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Changing habits to bring healing: Holland Hospital’s Center for Good Health offers lifestyle medicine

For those who are sick, getting healthy is often about taking the right medication for healing or to protect from flare-ups and recurrences.

For Dr. Tyler Murphy, internal medicine/lifestyle medicine physician at Holland Hospital, “medicine” goes beyond reacting with pharmaceuticals. The best medicine, he said, is living a lifestyle that helps prevent illness and strengthens the body to fight it.

He used cardiovascular disease as an example.

“In other countries of the world, nobody dies of cardiovascular disease,” Murphy said. “It’s our No. 1 cause of death in this country, and it’s all because of the way we live.”

In fact, while pharmaceuticals are sometimes necessary, he said the best way to fight sickness of all types is through creating a healthier lifestyle, not just in nutrition and fitness, but also in sleep, mindfulness and limiting chemical exposure. This type of medicine is the focus of Holland Hospital’s Center for Good Health, which opened in January.

“Lifestyle medicine is so much better because it gets out of the way of what the body wants to do, which is heal,” he said. He compared unhealthy living and sickness to hitting one’s thumb with a hammer and wondering why it hurts and doesn’t work well.

“Conventional medicine (such as prescribing pharmaceuticals) is like taking a 20-pound hammer out of your hand and replacing it with a 10-pound hammer,” he said. “… Lifestyle medicine is taking the hammer out of the hand and allowing the thumb to heal.”

Referrals are not required at the Center for Good Health — anyone can make an appointment, where patients are assessed about their lifestyles. The appointment is the starting point, where patients see what they’re doing well and what needs to be changed.

“I try to provide them even at that first visit with some general information about health and wellness, so that if they didn’t want to go any further than that visit, they would have a way to move themselves forward,” Murphy said.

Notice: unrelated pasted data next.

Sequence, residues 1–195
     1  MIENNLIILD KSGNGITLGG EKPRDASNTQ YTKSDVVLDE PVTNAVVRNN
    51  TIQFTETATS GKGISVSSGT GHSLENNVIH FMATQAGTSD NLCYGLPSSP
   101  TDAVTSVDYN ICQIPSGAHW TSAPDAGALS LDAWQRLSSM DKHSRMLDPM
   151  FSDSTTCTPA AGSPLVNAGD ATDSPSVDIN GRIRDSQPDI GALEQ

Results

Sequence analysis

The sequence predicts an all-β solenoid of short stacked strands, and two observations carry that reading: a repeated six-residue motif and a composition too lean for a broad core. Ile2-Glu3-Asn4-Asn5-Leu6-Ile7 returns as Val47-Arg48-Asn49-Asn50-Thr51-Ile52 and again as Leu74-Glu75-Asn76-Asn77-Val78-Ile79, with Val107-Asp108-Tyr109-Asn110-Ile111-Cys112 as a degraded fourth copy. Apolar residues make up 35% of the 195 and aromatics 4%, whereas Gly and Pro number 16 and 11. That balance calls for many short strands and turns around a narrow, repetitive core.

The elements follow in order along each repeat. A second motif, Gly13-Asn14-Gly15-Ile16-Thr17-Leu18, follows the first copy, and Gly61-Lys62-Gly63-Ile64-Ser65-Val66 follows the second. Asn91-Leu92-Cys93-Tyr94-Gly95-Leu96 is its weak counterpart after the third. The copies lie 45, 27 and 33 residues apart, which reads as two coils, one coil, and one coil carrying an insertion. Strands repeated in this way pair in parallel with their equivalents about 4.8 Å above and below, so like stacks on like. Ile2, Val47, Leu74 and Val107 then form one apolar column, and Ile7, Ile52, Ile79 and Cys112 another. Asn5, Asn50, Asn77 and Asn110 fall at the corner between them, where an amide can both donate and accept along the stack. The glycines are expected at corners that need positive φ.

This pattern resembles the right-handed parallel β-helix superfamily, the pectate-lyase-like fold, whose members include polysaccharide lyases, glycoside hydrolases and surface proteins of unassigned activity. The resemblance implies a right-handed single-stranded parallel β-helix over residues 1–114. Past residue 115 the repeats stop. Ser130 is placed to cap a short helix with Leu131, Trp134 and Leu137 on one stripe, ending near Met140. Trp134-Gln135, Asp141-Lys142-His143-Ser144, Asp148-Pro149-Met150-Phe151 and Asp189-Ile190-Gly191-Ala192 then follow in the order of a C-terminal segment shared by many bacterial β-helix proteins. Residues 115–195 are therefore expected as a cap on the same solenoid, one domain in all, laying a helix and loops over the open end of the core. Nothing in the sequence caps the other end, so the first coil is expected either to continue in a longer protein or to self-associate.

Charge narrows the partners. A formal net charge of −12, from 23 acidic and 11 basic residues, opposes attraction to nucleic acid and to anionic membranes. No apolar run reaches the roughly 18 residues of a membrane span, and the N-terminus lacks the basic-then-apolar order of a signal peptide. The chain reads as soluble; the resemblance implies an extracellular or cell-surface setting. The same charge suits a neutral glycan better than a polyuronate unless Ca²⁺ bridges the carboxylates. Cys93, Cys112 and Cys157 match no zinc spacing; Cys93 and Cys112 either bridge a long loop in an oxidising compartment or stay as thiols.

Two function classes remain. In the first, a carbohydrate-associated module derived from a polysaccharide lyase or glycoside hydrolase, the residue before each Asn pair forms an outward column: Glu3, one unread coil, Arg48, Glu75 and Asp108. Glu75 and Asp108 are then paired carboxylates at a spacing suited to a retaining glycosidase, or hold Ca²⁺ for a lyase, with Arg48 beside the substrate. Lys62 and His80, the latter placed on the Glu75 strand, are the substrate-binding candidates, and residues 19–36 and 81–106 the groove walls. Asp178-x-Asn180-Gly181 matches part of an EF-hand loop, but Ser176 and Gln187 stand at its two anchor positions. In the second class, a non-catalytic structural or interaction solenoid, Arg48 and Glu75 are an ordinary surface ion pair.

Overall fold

Patients may then begin a more intensive lifestyle medicine therapy, where they have regular appointments and start making steps toward changing their lifestyle piece by piece.

“Then we put forth some very actionable steps they can take and start to build the positivity of forward momentum,” Murphy said. “So that by the time they’re done with all that care, we’ll have propagated as much change as we can in all five of those domains.”

Murphy said lifestyle medicine is based on medical research and literature. Lives have been changed, he said, and many of his patients no longer need some — if not all — of the medicines they were taking before the process. 

“What we do here is very purposeful and very guided by the scientific literature,” he said.

On average, patients are under care with the Center for Good Health three to six months to create new habits. The center has experts in all five areas they focus on.

“I’ll try to steer patients award those various experts I feel they would most benefit from,” he said. “Once a person is cared for by more than one provider, we then discuss their case at our team meetings.”

And the cost?

“All the care delivered by me is billable to insurance,” Murphy said. “All of the surrounding care (such as hiring a nutritionist or going to yoga) is self-funded by the patient.”

And while the process can be life-changing, it is not for the faint of heart. Those interested have to be willing to make big changes in their lives in order to see those kinds of results.

“The bottom line is, if people are going to change, they’re going to change. And if they’re not changing, they’re not ready for it,” he said.

The Center for Good Health is at 175 S Waverly Road, Suite A, in Holland. Those interested can call 616-394-3344 to make an appointment or visit for more information.

— Follow this reporter on Twitter @SentinelHeth.

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